The river is slow to anger,
almost stagnant in mid-summer.
Smells like moss rock, the burbled
slippery kind that turns rust brown
in August, reeks of rotting. Moon still
out, agrees to follow me, whittled
under her constant orange eye.
I am smoldering, newly furrowed.
Trapped sparrow against heavy glass.
Drowning in wallpaper, odor of his
talcum, oiled bureau while talons
spring from my fingers. But nothing
to spear except words which cannot
be captured. Ice clouds, then fog banks
all round him, seeps inside me, stays
like a sad song thawing my heart
but chipping me apart chink by chink.
I am going to be chiseled, a hunk
of old plaster, the house remodeled,
sleek plastic, textured glass. But I am just
a dirt girl, so crawl to the yard, smell the spice
of tomatoes just climbing out of their cages.
On a day of bone picked clean, scavengers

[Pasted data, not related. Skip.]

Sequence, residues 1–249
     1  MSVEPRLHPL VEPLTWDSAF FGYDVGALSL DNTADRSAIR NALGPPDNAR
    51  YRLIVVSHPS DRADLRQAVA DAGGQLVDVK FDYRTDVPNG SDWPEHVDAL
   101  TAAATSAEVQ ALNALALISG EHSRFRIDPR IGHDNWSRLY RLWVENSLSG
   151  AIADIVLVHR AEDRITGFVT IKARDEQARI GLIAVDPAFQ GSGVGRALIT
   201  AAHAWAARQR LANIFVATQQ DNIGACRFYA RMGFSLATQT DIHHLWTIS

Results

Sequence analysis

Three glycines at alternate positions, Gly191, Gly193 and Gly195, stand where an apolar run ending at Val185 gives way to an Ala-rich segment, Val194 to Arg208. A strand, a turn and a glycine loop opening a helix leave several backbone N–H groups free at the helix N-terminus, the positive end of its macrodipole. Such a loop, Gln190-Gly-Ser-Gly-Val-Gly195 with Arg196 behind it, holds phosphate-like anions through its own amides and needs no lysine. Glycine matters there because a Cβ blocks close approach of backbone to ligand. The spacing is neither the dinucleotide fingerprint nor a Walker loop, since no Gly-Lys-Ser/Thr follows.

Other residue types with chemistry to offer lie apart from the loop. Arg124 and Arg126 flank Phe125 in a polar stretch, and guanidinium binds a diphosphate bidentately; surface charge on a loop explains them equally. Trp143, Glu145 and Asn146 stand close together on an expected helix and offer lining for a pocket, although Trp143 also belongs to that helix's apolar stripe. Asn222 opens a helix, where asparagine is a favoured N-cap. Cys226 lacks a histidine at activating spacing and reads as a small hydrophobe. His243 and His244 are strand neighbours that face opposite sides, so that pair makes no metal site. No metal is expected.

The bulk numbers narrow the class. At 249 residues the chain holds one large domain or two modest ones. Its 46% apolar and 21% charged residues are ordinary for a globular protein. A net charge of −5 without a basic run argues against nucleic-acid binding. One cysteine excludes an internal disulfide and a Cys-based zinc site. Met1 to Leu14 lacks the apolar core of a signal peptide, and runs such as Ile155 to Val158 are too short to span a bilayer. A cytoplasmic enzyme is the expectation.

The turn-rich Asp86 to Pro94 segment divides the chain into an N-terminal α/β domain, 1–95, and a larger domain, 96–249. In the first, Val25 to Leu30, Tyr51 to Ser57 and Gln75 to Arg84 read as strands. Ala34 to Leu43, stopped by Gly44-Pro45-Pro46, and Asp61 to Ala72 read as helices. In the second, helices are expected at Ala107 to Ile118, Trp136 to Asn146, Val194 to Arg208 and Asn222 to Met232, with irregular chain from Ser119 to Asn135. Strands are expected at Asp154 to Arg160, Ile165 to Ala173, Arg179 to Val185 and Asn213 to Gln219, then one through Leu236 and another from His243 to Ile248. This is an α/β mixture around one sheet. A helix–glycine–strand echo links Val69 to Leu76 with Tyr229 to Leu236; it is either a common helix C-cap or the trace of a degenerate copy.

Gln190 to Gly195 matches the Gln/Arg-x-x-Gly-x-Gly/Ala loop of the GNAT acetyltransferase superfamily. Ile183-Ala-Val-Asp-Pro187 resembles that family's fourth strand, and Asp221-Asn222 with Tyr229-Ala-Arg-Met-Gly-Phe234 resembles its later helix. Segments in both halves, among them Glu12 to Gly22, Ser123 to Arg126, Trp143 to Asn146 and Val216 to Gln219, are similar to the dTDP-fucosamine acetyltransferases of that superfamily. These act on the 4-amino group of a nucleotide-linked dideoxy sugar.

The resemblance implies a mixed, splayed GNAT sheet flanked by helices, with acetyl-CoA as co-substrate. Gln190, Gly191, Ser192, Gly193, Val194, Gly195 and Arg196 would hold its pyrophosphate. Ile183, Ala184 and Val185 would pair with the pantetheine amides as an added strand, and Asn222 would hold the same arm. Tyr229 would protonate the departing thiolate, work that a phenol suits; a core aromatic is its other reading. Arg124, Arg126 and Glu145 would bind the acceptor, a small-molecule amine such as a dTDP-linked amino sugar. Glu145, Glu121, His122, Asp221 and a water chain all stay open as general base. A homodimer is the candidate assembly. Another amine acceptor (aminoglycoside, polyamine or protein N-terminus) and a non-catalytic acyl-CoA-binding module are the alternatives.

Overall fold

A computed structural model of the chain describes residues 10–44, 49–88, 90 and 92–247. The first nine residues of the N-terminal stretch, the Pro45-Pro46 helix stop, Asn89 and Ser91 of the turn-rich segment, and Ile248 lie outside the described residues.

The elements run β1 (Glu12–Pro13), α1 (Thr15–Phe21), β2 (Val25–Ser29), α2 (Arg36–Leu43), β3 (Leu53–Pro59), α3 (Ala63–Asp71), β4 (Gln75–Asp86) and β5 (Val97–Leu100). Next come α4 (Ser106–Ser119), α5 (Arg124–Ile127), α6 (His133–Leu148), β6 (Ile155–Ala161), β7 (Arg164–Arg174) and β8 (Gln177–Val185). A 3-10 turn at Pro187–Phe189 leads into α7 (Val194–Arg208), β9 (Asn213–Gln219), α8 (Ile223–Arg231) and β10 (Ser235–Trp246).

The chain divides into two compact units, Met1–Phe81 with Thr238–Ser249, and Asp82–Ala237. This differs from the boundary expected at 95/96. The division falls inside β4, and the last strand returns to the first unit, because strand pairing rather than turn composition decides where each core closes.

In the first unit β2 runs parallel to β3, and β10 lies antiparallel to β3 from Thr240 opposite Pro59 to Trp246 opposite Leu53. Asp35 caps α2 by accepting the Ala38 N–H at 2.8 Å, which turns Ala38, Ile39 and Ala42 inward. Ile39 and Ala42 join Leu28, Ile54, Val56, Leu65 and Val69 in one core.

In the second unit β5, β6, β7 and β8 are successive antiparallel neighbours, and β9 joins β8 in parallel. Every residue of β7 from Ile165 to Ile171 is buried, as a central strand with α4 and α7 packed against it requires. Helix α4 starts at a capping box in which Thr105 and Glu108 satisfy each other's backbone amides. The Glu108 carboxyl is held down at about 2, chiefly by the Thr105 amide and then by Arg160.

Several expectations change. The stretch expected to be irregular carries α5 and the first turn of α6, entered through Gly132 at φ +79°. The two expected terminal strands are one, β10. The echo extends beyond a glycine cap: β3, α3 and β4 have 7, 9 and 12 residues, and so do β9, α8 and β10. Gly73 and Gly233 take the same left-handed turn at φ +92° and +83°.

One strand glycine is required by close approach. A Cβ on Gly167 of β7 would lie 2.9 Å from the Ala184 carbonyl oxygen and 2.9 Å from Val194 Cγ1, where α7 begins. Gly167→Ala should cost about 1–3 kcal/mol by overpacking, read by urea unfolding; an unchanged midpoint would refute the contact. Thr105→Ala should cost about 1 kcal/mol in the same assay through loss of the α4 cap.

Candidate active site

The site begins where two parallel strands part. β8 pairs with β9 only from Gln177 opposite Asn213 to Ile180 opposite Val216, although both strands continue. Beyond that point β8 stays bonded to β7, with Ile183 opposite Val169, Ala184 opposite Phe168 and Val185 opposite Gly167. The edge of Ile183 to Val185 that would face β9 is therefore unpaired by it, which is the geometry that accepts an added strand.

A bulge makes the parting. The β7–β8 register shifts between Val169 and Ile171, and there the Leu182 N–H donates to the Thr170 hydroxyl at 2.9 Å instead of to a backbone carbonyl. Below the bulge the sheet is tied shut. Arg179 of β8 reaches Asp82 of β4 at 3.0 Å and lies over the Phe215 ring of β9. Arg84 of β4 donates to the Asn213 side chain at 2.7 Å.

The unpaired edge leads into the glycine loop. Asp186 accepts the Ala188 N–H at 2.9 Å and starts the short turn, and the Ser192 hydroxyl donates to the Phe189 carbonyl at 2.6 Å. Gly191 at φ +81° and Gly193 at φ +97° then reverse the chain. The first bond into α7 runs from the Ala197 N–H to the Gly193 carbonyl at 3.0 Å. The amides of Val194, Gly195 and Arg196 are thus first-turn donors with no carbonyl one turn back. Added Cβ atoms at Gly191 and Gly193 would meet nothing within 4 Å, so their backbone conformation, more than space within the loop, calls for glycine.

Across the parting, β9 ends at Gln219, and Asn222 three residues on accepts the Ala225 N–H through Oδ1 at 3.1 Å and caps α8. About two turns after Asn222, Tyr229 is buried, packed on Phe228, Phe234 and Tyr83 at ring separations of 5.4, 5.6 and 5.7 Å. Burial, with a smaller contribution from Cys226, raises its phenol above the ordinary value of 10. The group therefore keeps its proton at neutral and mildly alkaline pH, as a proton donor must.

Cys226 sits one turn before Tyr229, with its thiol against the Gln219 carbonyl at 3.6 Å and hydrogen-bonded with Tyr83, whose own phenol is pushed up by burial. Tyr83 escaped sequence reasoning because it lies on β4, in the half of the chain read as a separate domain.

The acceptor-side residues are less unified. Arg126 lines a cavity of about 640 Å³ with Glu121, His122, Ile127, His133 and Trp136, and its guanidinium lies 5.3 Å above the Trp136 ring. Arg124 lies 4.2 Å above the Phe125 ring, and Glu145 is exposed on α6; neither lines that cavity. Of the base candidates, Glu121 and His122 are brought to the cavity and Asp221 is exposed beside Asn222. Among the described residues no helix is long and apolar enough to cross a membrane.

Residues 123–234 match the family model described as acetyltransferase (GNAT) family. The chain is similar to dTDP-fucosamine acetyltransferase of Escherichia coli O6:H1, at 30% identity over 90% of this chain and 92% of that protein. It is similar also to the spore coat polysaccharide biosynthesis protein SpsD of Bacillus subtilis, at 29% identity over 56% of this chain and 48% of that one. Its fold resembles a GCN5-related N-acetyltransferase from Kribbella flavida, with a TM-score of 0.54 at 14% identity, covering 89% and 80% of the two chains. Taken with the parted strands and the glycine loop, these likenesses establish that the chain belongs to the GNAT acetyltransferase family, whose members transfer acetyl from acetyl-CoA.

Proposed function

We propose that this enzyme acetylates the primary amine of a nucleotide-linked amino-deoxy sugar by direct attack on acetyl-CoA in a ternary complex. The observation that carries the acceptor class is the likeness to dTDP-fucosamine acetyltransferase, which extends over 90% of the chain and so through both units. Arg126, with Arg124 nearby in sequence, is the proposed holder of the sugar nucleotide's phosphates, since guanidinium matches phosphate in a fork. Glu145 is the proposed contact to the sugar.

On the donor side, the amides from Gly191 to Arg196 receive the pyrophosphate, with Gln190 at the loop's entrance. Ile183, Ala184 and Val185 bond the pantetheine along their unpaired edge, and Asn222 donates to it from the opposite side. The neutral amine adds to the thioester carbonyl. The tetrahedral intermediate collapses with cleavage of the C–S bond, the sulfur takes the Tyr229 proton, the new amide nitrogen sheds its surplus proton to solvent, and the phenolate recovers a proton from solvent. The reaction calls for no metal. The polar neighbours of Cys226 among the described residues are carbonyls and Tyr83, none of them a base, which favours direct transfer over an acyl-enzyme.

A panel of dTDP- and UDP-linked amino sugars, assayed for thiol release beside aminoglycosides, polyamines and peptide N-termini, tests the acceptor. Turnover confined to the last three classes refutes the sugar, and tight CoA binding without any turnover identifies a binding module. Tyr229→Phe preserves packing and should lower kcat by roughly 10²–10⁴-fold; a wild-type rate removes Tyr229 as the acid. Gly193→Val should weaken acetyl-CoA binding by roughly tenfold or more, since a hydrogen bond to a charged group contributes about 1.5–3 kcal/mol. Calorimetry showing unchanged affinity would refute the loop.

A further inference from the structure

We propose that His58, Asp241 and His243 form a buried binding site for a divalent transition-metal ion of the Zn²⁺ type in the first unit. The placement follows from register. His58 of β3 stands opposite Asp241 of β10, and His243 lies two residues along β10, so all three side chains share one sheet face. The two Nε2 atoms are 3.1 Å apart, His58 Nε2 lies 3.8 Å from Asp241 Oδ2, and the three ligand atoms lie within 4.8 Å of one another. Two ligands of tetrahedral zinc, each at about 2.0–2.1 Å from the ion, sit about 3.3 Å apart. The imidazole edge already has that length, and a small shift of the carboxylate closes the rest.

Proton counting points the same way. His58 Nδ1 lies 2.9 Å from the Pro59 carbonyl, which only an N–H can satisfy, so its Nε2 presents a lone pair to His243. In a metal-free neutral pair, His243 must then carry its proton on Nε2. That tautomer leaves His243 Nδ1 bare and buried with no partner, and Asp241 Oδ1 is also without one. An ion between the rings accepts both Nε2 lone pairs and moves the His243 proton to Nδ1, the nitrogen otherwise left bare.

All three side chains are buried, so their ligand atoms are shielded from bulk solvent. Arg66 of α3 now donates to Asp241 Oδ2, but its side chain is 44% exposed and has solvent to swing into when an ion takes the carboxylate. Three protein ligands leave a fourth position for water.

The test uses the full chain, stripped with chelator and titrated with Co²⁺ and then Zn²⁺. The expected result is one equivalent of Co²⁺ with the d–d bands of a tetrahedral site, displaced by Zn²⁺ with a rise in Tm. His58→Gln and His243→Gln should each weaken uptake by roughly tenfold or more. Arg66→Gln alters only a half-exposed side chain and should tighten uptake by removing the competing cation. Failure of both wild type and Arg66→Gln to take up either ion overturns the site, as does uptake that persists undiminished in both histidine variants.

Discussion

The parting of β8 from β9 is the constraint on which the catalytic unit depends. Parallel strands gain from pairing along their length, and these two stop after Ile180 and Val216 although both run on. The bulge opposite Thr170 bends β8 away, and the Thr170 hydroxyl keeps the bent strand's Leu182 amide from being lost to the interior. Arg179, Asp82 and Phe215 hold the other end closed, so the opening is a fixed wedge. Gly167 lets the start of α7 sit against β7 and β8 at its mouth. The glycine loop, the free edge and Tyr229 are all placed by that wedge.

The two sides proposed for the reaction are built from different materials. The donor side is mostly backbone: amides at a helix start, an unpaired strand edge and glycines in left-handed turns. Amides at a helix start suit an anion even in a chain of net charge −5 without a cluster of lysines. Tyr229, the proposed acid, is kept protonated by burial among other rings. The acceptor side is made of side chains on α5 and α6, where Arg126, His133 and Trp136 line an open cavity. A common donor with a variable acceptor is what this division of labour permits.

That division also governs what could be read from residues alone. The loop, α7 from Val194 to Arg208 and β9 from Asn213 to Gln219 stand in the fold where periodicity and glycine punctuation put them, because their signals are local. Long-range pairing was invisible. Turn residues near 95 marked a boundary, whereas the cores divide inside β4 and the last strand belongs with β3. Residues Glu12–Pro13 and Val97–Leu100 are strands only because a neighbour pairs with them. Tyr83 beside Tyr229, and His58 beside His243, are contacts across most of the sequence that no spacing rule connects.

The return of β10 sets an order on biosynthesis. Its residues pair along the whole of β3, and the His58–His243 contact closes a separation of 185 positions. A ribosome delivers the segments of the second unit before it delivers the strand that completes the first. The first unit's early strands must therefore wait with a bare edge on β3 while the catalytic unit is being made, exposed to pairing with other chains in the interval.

circling, worry rattling its deep hollow,
this path to wander down or plod – even
if you don’t belong in open air, leaf quilt.
How woods build a room of gold, then paint it
tawny or slick gray in late November.
Clearings, songbird still, or whistling through
your chafing heart, softly waving phragmites.
Off the small ridge, roots entwine like steps
and you pick your way down – alone, except
the dog who halts now and then, pricks
her velvet ears which stand like little tents.
Below, the breeze is damp off the farm pond.
And there, three fat white swans float and dip.
Their bottoms rise like silent boat hulls, plump
and solid. While the heron skulks in the corner
where she often waits, a sheath, in shadows.
Salute her as you do the white-bellied
hawk dangling a squirming small thing from her
beak, the huntress who’ll protect and keep you.